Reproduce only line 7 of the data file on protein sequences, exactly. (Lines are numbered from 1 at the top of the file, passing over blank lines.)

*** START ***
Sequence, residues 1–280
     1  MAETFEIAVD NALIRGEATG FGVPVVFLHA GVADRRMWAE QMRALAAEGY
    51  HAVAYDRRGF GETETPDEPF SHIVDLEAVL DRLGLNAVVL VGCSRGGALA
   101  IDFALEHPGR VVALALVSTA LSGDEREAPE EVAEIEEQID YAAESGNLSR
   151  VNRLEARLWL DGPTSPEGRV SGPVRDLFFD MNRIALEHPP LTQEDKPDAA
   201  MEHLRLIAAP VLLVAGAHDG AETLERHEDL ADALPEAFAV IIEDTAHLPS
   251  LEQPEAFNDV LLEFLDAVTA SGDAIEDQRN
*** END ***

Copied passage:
   251  LEQPEAFNDV LLEFLDAVTA SGDAIEDQRN